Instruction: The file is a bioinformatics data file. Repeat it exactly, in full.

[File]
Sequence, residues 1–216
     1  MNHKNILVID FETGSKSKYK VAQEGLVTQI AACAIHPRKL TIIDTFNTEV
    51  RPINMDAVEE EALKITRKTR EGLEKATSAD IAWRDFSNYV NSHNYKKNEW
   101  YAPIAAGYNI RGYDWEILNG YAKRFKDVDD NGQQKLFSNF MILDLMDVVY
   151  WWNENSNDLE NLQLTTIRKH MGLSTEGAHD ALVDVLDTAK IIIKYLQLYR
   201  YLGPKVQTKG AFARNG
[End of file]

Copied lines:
Sequence, residues 1–216
     1  MNHKNILVID FETGSKSKYK VAQEGLVTQI AACAIHPRKL TIIDTFNTEV
    51  RPINMDAVEE EALKITRKTR EGLEKATSAD IAWRDFSNYV NSHNYKKNEW
   101  YAPIAAGYNI RGYDWEILNG YAKRFKDVDD NGQQKLFSNF MILDLMDVVY
   151  WWNENSNDLE NLQLTTIRKH MGLSTEGAHD ALVDVLDTAK IIIKYLQLYR
   201  YLGPKVQTKG AFARNG